EnBW looks back on a 100-year history as a fully integrated utility in Germany, building and operating power plants, operating electrical grids, and implementing sales.
Since 2013, EnBW has realigned the company strategy, making the company ready for Germany’s Energy Transition. In pursuit of our goal of making renewables 50% of our portfolio by 2025, EnBW has heavily invested in Offshore Wind, Onshore Wind and Photovoltaic Projects in Germany, Europe, USA and Taiwan. EnBW has also started to dismantle its nuclear energy power plants.
The offshore wind farms Hohe See and Albatros combine to form Germany’s biggest offshore wind project, connected to the grid in October 2019 and January 2020, respectively. A milestone for EnBW in the North Sea, the entire project has a capacity of 610 megawatts. It will produce enough green electricity to supply on aggregate all of the private households in the City of Munich and reduce CO2 emissions by around 1.9 million tons.Read More
EnBW Baltic 1 is Germany’s first commercial offshore wind farm in the Baltic Sea. The wind farm fed the first kilowatt hour of electricity into the grid on 3 April 2011. It was a challenge that EnBW met with great commitment and experience. Because offshore means much more than just onshore at sea. It places the highest demands on people and machines. The 21 turbines at EnBW Baltic 1 deliver a total output of 48.3 megawatts, thus covering the aggregate annual electricity requirements of around 50,000 households and reducing CO2 emissions by around 167 thousand tons.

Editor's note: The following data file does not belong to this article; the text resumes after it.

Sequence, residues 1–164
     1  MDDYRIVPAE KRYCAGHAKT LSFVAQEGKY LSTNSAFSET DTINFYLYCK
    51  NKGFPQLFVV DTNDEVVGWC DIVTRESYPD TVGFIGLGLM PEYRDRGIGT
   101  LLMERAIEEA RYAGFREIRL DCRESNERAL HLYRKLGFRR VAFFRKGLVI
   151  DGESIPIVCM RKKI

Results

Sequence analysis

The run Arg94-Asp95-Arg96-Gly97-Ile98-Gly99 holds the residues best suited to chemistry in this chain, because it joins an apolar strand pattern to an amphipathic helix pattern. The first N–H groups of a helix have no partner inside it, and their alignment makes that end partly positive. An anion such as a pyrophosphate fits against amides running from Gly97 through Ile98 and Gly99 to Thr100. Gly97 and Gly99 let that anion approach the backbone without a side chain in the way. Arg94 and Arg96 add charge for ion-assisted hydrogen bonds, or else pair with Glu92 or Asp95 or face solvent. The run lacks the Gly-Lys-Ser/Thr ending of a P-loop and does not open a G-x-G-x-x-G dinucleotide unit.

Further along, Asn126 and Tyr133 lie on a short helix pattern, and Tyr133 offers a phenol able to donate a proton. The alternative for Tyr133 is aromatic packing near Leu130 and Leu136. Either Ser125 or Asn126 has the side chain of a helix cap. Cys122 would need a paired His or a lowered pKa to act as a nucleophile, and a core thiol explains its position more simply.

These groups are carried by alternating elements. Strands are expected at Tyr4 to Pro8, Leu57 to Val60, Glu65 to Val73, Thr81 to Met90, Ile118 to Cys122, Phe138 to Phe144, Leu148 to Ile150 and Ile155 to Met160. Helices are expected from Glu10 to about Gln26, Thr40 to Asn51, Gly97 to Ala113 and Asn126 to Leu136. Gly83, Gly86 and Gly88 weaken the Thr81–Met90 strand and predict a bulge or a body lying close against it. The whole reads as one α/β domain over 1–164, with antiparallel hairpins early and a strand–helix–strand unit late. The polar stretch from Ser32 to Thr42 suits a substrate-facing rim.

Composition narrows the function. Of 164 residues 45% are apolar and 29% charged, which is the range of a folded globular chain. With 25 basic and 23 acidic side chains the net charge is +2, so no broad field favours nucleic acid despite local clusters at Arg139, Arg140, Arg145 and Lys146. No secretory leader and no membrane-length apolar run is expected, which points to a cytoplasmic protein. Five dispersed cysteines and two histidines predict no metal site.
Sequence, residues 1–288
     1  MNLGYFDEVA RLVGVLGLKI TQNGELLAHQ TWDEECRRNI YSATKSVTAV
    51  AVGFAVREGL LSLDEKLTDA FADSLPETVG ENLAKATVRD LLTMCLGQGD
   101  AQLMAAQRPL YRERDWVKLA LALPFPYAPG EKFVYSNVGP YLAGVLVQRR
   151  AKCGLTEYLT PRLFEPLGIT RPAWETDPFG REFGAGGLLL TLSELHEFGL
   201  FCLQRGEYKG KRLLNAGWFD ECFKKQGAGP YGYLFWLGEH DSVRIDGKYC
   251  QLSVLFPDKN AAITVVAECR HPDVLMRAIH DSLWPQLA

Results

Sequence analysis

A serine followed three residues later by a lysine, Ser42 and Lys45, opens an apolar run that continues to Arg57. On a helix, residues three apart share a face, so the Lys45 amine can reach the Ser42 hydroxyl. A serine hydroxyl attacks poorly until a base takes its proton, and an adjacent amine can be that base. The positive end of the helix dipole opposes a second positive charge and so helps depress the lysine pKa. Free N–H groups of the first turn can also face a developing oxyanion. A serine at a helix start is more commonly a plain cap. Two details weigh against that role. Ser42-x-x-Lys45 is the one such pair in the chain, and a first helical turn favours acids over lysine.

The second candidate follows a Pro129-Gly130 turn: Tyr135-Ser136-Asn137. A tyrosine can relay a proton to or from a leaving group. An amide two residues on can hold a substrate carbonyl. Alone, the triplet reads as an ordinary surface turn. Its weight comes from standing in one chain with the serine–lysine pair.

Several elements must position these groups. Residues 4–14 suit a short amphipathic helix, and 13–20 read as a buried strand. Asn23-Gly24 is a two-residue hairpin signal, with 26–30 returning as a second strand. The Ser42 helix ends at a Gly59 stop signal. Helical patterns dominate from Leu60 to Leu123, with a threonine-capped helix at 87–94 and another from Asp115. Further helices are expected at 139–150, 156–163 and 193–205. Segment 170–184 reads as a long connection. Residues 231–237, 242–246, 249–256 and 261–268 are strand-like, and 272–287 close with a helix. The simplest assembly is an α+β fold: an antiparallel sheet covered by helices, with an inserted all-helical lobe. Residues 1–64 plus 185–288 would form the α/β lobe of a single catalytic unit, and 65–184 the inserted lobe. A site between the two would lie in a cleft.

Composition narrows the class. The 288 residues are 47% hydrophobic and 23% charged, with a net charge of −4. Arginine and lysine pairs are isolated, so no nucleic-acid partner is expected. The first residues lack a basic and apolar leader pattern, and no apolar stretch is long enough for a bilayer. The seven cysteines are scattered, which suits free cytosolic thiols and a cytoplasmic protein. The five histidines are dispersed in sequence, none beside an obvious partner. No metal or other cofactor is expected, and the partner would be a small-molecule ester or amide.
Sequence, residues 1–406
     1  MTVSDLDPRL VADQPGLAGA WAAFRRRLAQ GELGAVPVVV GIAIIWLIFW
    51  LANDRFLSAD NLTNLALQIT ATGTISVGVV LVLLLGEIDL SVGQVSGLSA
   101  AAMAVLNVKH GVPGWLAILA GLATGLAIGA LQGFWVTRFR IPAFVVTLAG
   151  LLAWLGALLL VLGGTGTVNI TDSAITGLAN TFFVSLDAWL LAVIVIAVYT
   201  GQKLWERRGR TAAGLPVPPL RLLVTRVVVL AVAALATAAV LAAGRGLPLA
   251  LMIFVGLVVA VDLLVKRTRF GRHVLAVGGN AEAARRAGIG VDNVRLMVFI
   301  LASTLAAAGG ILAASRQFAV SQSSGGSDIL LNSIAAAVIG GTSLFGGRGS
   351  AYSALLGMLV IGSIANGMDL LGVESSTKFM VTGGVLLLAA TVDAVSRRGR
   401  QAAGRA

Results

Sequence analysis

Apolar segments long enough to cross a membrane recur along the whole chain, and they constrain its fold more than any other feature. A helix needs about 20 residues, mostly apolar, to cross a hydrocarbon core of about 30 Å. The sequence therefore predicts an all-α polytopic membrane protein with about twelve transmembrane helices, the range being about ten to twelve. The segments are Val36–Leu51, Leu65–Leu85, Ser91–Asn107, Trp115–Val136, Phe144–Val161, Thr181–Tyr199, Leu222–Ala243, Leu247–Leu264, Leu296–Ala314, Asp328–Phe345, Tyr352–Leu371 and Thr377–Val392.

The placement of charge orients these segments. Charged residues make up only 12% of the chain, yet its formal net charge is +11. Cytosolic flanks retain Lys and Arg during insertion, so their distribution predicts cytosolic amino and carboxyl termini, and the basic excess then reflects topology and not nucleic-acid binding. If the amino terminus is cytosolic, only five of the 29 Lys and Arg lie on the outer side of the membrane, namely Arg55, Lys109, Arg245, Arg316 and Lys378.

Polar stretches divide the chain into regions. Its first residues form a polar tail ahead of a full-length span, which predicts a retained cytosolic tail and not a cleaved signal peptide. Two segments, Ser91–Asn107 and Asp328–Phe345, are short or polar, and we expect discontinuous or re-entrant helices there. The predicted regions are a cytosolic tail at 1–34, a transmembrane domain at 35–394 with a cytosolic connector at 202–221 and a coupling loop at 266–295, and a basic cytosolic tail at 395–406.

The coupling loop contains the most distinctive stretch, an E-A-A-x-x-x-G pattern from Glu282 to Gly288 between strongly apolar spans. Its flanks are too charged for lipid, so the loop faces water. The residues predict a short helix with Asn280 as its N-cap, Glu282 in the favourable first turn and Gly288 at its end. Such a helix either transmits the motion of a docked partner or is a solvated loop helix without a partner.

To break beyond the limitations to marine areas suitable for offshore wind power and expand the possibilities of regenerative energy production, EnBW is researching new offshore technology in which wind turbines float on the water surface. The prototype (scale 1:10) of the floating wind turbine Nezzy², standing 18 meters tall up to the tip of the blade, passed its first round of testing in July 2020, in a flooded gravel pit near Bremerhaven. Then, in a second test in the Baltic Sea, Nezzy² even withstood a mid-October storm surge, with wave and wind conditions equivalent to a category four to five hurricane and waves reaching heights of up to 30 metres.Read More